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Cathie from Canada

Yes, I know what you mean.
Sometimes we're happier if we just watch the Wizard and don't look behind the curtain.
Here's another example -- I always liked Denzel Washington as an actor and I was particularly sympathetic to him after I read about how John Grisham objected to him being cast in the Pelican Brief because he was black.
Then a few weeks ago I read an account of another actor who worked with Washington recently in a movie, and said Washington was absolutely terrible to work with -- egotistical, insulting, mecurial, all around a-hole. So now I will have a difficult time watching him in a movie without wondering whether he really is a jerk in reality.
There's a TV show called Inside the Actor's Studio which can be eye-opening, usually in a good way -- the host (whose name I cannot recall at the moment) talks to actors about their work and they also take questions from an auditorium full of drama students. I don't know how the host does it, but he is so good about presenting what they do in a positive light that I often end up being more impressed with the actor or actress than I had been before watching the show.


There's a TV show called Inside the Actor's Studio which can be eye-opening, usually in a good way -- the host (whose name I cannot recall at the moment) talks to actors about their work and they also take questions from an auditorium full of drama students.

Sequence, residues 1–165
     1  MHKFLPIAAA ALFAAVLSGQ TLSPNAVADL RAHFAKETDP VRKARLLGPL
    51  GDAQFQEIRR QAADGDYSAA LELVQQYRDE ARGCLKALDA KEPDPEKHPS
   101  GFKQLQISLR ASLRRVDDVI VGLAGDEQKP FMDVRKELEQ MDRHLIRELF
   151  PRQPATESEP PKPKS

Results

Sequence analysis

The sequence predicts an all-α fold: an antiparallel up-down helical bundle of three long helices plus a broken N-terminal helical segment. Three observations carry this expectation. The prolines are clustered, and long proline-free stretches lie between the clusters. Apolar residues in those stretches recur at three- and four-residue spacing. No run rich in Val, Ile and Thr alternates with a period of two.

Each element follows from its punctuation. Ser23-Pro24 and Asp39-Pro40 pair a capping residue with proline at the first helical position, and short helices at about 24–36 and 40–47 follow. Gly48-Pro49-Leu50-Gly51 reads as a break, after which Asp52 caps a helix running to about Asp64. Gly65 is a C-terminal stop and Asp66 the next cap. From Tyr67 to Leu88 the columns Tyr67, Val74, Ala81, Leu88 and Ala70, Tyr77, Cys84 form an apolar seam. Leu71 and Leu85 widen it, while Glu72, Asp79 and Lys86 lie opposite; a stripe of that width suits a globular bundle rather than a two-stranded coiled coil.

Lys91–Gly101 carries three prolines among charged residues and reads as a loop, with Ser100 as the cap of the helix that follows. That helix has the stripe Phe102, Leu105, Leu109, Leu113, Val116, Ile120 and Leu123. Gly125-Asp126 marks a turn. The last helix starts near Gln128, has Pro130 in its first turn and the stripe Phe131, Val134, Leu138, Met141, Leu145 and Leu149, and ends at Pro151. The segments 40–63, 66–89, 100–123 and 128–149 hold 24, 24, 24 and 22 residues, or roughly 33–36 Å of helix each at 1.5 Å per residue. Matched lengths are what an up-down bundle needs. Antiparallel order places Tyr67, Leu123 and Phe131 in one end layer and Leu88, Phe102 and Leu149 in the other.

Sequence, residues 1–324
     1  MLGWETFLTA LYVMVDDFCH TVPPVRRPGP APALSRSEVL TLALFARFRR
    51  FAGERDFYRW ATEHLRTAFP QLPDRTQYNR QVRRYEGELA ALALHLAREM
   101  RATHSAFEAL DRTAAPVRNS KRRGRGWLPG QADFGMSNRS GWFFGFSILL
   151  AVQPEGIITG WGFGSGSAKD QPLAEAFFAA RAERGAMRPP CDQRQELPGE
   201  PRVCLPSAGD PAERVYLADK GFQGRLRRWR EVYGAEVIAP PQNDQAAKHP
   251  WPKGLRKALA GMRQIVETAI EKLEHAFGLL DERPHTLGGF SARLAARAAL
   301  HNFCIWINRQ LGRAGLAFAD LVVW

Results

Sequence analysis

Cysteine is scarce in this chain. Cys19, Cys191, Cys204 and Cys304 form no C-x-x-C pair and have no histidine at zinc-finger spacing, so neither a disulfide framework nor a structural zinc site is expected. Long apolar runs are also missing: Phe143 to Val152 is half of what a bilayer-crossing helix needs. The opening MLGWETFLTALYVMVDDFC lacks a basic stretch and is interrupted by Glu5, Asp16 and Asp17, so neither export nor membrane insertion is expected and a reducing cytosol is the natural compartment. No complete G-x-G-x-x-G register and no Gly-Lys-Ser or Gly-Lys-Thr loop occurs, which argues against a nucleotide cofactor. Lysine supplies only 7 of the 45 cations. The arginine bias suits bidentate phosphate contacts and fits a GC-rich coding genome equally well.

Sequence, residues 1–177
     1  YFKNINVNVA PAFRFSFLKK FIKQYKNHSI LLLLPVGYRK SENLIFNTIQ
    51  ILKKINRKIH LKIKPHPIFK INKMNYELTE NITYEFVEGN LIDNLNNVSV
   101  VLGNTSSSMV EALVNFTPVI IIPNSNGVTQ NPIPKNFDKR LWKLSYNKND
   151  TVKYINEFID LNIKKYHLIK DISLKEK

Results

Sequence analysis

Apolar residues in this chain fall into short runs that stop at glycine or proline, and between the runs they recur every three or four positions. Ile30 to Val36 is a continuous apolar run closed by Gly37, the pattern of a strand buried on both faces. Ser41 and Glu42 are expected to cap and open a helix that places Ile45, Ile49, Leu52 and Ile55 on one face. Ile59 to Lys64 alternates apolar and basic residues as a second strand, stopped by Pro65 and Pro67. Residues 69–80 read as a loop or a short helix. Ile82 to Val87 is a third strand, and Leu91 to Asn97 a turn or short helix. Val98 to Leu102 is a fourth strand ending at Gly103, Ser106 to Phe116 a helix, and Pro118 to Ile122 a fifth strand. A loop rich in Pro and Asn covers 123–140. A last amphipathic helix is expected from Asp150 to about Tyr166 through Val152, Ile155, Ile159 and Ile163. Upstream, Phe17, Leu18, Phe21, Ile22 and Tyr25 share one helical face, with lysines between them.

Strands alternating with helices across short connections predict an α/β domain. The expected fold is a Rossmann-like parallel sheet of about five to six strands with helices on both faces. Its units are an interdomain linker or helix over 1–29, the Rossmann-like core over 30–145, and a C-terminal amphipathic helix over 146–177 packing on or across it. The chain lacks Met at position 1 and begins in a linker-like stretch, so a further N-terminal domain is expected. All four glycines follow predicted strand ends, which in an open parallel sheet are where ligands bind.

James Lipton.

Not to disagree with you, Cathie, but most actors I know and that includes some who have been on the show, think Lipton is the biggest asshole in the history of TV. I watched a few episodes and can tell you as an actor that he asks the most inane and idiotic questions.

Yes, it would be inside baseball if he asked the questions I'd want him to ask, but "What's your favorite word?"

Good grief.

Also, Denzel Washington as an actor has become better to watch as he's aged. If this means he's become a jerk, then I applaud his jerkitude. It shouldn't matter what he's like offscreen if he delivers onscreen and believe me, some of the greatest actors onscreen were annihilatory assholes off.

Washington is one of the few actors I'd pay good money to see in a starring role, and one only needs to watch the recent "Taking of Pelham 1, 2, 3" to compare his performance to John Travolta's to have a fair comparison of talent and ability of two actors at the equivalent "level" as determined by the general public.


LOL Kathy Griffin described Lipton as one of those personal space-invading close talkers and that she found him to be very "To Catch a Predator". :D

Wish I had the exact words, the way she put it was of her defter takedowns.


Pop Mannion is a big fan of Inside the Actor's Studio. What actors think people should know about the process is bound to be a lot different from what civilians want to know. The guests on the show should be glad if Lipton helps them from coming across as self-involved jerks and keeps them focused on talking about the work. The writer who's the subject of this post could have used a Lipton, even at the price of suffering his close-talking.


There's the obverse story, too. I just met one of my favorite writers in the flesh, a gay Latino detective novelist named Michael Nava, and he turned out to be exactly who I thought he was going to be from his writing, and it was wonderful.

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